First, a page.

Last month Egypt presented the UNSC with a draft resolution calling on the three countries — Egypt, Sudan and Ethiopia — involved in the dispute to refrain from taking unilateral measures.
As Al-Ahram Weekly went to press there was no significant advance in Cairo’s attempts to get the UNSC to adopt the draft resolution. The problem, according to New York-based sources, is that some UNSC member states were loath to help Egypt with the GERD problem, while others were opposed in principle to the UNSC becoming involved in matters relating to the construction and operation of dams by upstream countries.
The same sources say that even so Egypt managed to get the UNSC to hold a meeting on GERD late last month despite an aggressive diplomatic attempt by Ethiopia to block it, and Cairo will be willing to keep ramping up the diplomatic pressure, possibly by presenting the UNSC with another draft resolution condemning any unilateral move by Ethiopia and demanding the filling be suspended pending an agreement.
The GERD dispute is unfolding simultaneously with fast moving developments in Libya, a crucial and explosive national security front for Egypt.
“It is a very complex situation in Libya now,” said a concerned government source.
He spoke 24 hours after the Turkish Minister of Defence acknowledged that Al-Watiya air base in Libya had been hit by air strikes from unidentified foreign planes.
While many speculate that France was behind the strikes neither Paris nor Ankara, who are at loggerheads over the situation in Libya, have acknowledged this.
France, along with Egypt, the UAE, Jordan and Russia, has been supporting the Libyan National Army (LNA) led by Khalifa Haftar against Fayez Al-Sarraj’s Government of National Unity (GNA). And despite the dismay of Haftar’s backers over his performance, they remain determined to stop the advance of pro-GNA militias that include many Islamist fighters.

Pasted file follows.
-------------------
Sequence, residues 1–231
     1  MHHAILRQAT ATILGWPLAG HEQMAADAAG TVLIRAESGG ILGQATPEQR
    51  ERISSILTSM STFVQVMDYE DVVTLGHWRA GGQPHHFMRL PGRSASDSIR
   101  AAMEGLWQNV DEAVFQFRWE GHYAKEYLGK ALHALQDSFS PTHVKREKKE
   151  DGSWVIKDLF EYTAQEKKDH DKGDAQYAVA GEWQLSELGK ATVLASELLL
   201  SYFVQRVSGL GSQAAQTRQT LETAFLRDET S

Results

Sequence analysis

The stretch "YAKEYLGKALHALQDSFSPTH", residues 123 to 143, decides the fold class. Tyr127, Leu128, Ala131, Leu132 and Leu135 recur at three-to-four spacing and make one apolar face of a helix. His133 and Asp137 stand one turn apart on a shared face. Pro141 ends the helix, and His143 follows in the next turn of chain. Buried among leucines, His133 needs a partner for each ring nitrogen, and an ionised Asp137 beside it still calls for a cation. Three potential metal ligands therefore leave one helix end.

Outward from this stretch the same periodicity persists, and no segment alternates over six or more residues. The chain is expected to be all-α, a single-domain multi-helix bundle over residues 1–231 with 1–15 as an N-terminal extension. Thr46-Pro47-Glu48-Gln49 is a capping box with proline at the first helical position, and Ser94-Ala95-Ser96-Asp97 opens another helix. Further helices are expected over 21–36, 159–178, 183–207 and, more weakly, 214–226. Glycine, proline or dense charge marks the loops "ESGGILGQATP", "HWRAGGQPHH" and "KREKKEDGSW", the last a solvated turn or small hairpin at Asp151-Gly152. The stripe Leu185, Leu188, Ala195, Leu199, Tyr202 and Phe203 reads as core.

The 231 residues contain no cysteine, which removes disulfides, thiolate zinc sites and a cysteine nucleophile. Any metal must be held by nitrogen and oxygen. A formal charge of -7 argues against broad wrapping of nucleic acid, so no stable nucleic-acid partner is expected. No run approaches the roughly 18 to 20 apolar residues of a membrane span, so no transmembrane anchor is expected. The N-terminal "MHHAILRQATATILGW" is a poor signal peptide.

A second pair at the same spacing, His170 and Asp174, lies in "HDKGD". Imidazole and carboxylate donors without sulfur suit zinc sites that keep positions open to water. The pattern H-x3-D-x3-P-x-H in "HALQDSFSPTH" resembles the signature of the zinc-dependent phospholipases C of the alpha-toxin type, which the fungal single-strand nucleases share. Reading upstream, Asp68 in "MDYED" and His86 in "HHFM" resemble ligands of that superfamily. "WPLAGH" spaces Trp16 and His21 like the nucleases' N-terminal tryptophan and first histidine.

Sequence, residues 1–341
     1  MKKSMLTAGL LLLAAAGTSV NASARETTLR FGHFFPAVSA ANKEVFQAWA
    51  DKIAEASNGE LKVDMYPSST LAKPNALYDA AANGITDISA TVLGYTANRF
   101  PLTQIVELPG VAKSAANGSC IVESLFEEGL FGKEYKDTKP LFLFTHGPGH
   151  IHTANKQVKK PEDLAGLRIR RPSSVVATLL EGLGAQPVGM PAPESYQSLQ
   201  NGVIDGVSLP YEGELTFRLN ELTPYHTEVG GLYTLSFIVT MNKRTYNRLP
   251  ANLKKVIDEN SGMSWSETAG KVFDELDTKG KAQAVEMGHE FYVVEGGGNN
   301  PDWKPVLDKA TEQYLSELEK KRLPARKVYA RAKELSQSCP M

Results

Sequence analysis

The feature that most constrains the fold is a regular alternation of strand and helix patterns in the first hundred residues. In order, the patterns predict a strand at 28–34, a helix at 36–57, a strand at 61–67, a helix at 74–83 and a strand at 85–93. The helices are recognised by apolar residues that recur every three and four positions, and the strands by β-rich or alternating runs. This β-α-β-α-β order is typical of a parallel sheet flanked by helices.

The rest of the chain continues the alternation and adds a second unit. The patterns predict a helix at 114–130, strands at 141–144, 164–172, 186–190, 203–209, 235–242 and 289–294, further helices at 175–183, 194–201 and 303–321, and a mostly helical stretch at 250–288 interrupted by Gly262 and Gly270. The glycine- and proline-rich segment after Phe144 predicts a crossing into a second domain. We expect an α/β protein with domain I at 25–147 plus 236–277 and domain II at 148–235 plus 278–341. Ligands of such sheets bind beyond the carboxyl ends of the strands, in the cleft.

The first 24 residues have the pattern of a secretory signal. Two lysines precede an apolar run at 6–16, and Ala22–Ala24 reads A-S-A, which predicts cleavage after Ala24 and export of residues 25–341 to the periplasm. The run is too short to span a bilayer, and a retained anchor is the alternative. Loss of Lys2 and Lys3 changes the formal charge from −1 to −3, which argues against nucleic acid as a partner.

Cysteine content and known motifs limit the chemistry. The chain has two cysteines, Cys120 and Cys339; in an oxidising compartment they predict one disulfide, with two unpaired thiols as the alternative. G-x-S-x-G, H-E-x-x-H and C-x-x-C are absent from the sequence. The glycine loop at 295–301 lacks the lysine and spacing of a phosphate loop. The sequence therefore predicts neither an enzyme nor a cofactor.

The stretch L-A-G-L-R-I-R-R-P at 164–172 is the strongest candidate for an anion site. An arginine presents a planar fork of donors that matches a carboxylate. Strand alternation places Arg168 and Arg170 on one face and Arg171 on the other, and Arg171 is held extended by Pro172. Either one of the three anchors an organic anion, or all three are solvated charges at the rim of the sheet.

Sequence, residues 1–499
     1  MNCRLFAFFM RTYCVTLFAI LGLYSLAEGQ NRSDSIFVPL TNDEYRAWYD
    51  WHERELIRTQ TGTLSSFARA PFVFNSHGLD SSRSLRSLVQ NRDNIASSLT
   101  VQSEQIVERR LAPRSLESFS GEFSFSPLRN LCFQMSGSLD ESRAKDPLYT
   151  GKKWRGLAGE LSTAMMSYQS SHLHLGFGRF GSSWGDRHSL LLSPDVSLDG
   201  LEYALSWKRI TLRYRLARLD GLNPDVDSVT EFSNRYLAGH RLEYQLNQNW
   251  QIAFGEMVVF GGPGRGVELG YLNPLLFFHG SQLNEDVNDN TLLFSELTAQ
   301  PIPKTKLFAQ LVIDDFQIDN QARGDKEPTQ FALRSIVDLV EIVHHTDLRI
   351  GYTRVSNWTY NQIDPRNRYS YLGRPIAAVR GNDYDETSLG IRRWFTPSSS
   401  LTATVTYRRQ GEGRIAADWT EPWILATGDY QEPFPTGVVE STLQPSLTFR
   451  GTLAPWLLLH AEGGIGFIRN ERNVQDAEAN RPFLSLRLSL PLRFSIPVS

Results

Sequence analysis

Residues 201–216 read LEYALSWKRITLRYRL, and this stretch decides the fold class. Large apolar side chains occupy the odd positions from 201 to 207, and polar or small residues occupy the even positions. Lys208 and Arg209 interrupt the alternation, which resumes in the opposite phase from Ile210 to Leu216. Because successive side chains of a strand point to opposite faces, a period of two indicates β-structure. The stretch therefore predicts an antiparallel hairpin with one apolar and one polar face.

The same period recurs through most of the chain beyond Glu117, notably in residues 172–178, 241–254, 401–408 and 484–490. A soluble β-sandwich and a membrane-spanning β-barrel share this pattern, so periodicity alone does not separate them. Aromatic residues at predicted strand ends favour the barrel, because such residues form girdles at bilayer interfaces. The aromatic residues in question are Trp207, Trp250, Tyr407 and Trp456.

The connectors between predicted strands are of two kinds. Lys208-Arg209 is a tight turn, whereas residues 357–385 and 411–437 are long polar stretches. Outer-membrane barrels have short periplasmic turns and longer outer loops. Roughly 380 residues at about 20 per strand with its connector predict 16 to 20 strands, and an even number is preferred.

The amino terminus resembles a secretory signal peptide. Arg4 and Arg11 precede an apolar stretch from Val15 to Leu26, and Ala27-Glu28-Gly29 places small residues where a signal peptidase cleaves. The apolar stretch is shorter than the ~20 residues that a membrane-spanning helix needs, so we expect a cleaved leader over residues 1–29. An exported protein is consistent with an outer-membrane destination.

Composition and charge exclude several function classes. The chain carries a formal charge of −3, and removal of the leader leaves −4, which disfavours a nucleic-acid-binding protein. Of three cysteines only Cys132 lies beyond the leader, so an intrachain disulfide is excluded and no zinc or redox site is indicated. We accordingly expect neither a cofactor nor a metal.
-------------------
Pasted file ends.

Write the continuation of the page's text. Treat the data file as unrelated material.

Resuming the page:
The big question now is how, where and when Turkey will respond to the strike.
Cairo-based Western diplomats say the strike places Turkish President Recep Tayyip Erdogan in a difficult position. According to concerned Cairo officials, it is one thing if the Turkish-French stand-off is fought out within NATO, and quite another if the squabble continues on the ground in Libya.
If the Turkish reaction takes place in Libya it will be in one of two directions: either Erdogan will send Libya-based Islamist militias south to the borders of Libya’s southern neighbours, the Sahel and Sahara states that are crucial to the strategic interests of France in Africa, or get them to move east, possibly towards Sirte and Al-Jufra.
On Tuesday, the Turkish chief of staff was quoted as saying that the strikes on Al-Watiya would prompt his country to act to move against Sirte and Al-Jufra to “end the military stalemate”.
According to Cairo officials, any move south means Egypt will have to worry about the impact of Sahel and Saharan security on its own. But if the direction of Erdogan’s possible show of force is to the east Cairo will have to consider all its options.
Late last month President Abdel-Fattah Al-Sisi was explicit about the red line Cairo had drawn around Sirte and Al-Jufra since when there has been intense political intervention to get the Turkish-supported GNA to refrain from advancing further east.
This week, there was no certainty over the fate of Ankara’s understandings with concerned international capitals, including Washington, to suspend any military advance to the east to allow for a political window to open.
Egypt, say official sources, supports giving a political settlement in Libya a chance as long as it excludes Jihadists. However, the same sources add, a political deal in Libya cannot be based on a fait accompli whereby Turkey is left in control of Egypt’s western neighbour.
*A version of this article appears in print in the 9 July, 2020 edition of Al-Ahram Weekly